Tetradecenoic acid (cis-9)Tetradecenoic acid (cis-9)
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Tetradecenoic acid (cis-9)

Myristoleic acid; C14:1 (cis-9) Fatty acid

This high purity myristoleic acid is ideal as a standard and for biological studies. Myristoleic acid is a natural but uncommon fatty acid produced from myristic acid by the delta-9-desatuase enzyme. When esterified with cetyl alcohol myristoleic acid becomes cetyl mytistoleate, a compound with multiple biological properties including anti-infammitory, pain relief and immune system modulation. Extracts from Serenoa repens have been used to cause cell death in prostate cancer cells and myristoleic acid has been identified as at least one of the cytotoxic components of the extract.1 Myristoleic acid has been shown to suppress growth of hamster flank organs by inhibiting the 5alpha-reductase enzyme and thereby preventing the conversion of testosterone to 5alpha-dihydrotestosterone.2 Among the bioactive products in bovine whey that help to promote health and prevent disease is myristoleic acid which inhbits the germination of the pathogenic Candida albicans.3 Myristoleic acid has shown some anticarcinogenic effects by inhibiting the nuclear density of chemically induced transformation cells.4 A seaweed Ascophyllum nodosum extract has been shown to cause an increase of myristoleic acid accumulation in adipose tissues.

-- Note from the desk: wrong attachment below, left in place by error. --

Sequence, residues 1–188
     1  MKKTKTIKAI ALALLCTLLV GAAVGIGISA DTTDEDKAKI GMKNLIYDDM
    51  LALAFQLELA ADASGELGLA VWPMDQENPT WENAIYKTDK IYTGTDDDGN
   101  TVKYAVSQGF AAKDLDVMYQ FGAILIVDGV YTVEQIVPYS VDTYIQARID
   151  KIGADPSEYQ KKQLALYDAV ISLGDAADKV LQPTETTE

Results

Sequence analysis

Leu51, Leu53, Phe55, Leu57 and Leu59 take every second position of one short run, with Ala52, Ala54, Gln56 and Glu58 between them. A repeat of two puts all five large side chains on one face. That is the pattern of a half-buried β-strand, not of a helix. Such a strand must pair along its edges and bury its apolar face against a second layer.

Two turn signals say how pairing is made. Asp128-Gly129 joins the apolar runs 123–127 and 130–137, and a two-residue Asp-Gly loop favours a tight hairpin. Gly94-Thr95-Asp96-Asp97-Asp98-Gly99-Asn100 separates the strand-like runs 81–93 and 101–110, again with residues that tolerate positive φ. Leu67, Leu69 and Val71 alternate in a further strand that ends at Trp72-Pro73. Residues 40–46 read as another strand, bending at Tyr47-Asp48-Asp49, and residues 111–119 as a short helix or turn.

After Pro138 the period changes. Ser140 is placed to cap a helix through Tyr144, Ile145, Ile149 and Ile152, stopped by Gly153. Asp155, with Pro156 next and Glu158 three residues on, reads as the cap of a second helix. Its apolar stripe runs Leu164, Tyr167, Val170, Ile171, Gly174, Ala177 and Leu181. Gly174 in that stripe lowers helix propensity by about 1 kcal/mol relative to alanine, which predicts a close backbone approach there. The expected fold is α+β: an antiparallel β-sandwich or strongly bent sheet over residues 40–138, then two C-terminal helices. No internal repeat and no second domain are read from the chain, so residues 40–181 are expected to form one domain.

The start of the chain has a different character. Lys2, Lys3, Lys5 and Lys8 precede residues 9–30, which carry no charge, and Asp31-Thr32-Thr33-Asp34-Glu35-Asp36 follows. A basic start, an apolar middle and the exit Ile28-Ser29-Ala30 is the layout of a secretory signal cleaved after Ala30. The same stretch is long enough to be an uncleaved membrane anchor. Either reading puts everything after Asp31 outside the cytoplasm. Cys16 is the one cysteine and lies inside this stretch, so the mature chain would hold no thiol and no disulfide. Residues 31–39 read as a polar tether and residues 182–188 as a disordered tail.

Cat# Size Price Qty Buy
1157 100 mg £121.88

Additional Information

Property Value or Rating
Product Size 100 mg
Manufacturer Matreya, LLC
Empirical Formula C14H26O2
CAS# 544-64-9
Formula Weight 226
Solvent none
Source natural
Purity 99%
Analytical Methods GC, TLC
Natural Source plant
Solubility chloroform, hexane, ethyl ether
Physical Appearance liquid
Storage -20°C
Dry Ice No
Hazardous No
References

1. K. Hirano et al. “Myristoleic acid, a cytotoxic component in the extract from Serenoa repens, induces apoptosis and necrosis in human prostatic LNCaP cells” Prostate, vol. 47 pp. 59-64, 2001 
2. R. Hiipakka et al. “Growth suppression of hamster flank organs by topical application of catechins, alizarin, curcumin, and myristoleic acid” Archives of Dermatological Research, vol. 293 pp. 200-205, 2001 
3. P. Belhumeur et. al. “Whey-derived free fattyacids suppress the germination of Candida albicans invitro” FEMS Yeast Res, vol. 7 pp. 276-285, 2007 
4. S. Sharma, P. Gao, and V. Steele “Quantitative Morphometry of Respiratory Tract Epithelial Cells as a Tool for Testing Chemopreventive Agent Efficacy” Anticancer Research, vol. 3 pp. 737-742, 2010

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